When it comes to skincare, we all yearn for that radiant, healthy, glowing skin. On your way to achieve it, you will encounter so many skincare ingredients. Among those active ingredients, you will find the dynamic duo of lactic acid and niacinamide.
And – be aware that these two magical skincare powerhouses can really do wonders to your skin, addressing a range of skin concerns and helping you achieve your skincare goals. How?
Well, lactic acid, as a gentle alpha hydroxy acid (AHA) is really a champ at exfoliating the skin’s surface, removing dead skin cells and dead skin cell buildup, and promoting a smoother, brighter skin tone and complexion. It’s actually like a fresh start for your skin, making it a perfect ingredient for those dealing with dullness, uneven tone, or fine lines.
On the other side, niacinamide represents a hydration hero that helps strengthen your protective skin barrier. Furthermore, it can improve the appearance of pores, help you in reducing redness, and evening out your skin tone. Niacinamide is a go-to for anyone dealing with blemishes, dark spots, or looking to boost overall skin health.
So, you can see that these two ingredients are really skin-friendly. But, you may also know that mixing some skincare ingredients can be tricky and may trigger skin irritation and other issues.
So, now – the question arises: Can you use lactic acid and niacinamide together? Let’s find out together in this article!
Can You Mix Lactic Acid And Niacinamide?
Contrary to some old beliefs that these two ingredients shouldn’t be combined, these two actually CAN work harmoniously to improve your skin. Lactic acid and niacinamide are actually a compatible and effective combination.
And – when used thoughtfully and with proper skincare practices, they can help you achieve your skincare goals for a brighter, smoother, and healthier complexion.
However, there are some things to consider before you introduce these two together into your skincare routine.
Can I Use Lactic Acid With Niacinamide The Ordinary Serum?
Yes, absolutely, you can use the Ordinary lactic acid serum with niacinamide. Note that it is highly important to start slowly, and monitor how your skin reacts – and adjust the frequency of this part of your skincare routine as needed.
Using these two ingredients in combination (yes, including Ordinary lactic acid and Ordinary niacinamide serums) can help improve skin texture, skin tone, and – overall skin health. However, you need to be careful.
Ground rules of using lactic acid and niacinamide together in the same skincare routine are explained below – make sure you read and follow them!
Do You Use Lactic Acid Or Niacinamide First?
So, we already answered the question: Can you use lactic acid and niacinamide together?, now there is another question arising – How to combine them correctly? – to avoid skin irritation and other skin issues, especially if you have sensitive skin.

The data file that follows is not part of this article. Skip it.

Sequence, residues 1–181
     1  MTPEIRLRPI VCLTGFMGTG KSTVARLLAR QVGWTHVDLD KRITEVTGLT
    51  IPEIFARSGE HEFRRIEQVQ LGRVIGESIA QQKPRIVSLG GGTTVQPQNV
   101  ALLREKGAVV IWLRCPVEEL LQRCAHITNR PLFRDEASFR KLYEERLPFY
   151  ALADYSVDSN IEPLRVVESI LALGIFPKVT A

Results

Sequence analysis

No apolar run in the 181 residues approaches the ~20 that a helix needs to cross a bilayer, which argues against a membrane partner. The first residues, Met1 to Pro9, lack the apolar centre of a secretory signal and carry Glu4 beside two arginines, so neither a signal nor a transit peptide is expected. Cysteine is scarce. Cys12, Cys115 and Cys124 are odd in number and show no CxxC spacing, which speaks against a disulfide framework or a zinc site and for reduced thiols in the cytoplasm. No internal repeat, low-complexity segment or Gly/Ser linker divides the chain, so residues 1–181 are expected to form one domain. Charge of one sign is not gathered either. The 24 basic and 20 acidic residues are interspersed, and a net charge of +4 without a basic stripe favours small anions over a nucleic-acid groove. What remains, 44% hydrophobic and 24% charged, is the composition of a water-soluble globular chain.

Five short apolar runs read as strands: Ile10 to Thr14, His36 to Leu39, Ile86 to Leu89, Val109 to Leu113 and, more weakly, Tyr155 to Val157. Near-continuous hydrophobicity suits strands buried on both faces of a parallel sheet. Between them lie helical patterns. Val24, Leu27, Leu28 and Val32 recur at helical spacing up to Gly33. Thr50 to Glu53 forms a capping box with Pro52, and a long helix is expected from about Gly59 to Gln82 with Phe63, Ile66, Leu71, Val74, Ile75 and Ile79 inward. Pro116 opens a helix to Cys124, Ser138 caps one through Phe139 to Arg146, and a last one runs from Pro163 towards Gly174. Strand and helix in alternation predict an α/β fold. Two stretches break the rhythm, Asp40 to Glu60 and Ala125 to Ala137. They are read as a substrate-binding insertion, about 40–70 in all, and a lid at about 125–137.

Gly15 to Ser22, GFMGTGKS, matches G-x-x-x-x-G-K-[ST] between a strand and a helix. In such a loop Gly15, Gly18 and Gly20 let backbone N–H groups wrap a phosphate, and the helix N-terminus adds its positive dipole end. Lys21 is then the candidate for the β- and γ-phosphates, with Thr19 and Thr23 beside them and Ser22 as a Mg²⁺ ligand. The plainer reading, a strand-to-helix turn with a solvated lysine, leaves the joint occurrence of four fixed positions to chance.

When incorporating both lactic acid and niacinamide into your skincare routine, the order in which you apply them matters to optimize their effectiveness.
Generally, it is better to apply lactic acid first, of course on clean, dry skin. You can follow up with applying niacinamide afterwards, allowing lactic acid some time to be absorbed. Check out the details below!
How To Use Lactic Acid And Niacinamide Together?
There are several ways to use lactic acid and niacinamide in the same skincare routine. For example, you may incorporate them:
1. On Alternate Days
In your regular skincare routine, you should start with cleansing your face and toning it afterwards.
Continue with applying your product with niacinamide (it could be the Ordinary niacinamide serum), and follow with your regular moisturizers.
On a different day, instead of that niacinamide serum, you should use a product with lactic acid (for example The Ordinary lactic acid serum), of course always after proper face cleansing and toning. Follow with regular moisturizers.
Note that you should reduce sun exposure if you use them in the morning and – always use sunscreen!
2. Morning-Evening Routine
You can use one ingredient (niacinamide serum, for example) in the morning, as part of your regular morning routine. In the evening, include lactic acid (serum) into your skincare routine.
Yes, you can layer niacinamide and lactic acid. But make sure to wait for a few minutes (some research even suggests waiting for at least 30 minutes1). It’s better if you apply niacinamide to the areas with concerns, such as the T-zone, and lactic acid to the areas that need (gentle) exfoliation.
For the safety reasons, perform a patch test before you incorporate lactic acid and niacinamide into your skincare routine, to ensure your skin tolerates them well. Also, if you are new to either ingredient or the combination of lactic acid and niacinamide, introduce them gradually to minimize the risk of irritations.
You should also be aware that both lactic acid and niacinamide can increase sun sensitivity. So, make sure you always use sunscreen in your morning routine, regardless of the method you choose.
If irritation still occurs, consider using the products less frequently or on different days. Be careful with the formulation of each product, too. Lactic acid as a serum and niacinamide as a serum or moisturizer works well, yes, but pay attention to the specific formulations of each product and how they interact.
Benefits Of Mixing Lactic Acid With Niacinamide
- Enhanced exfoliation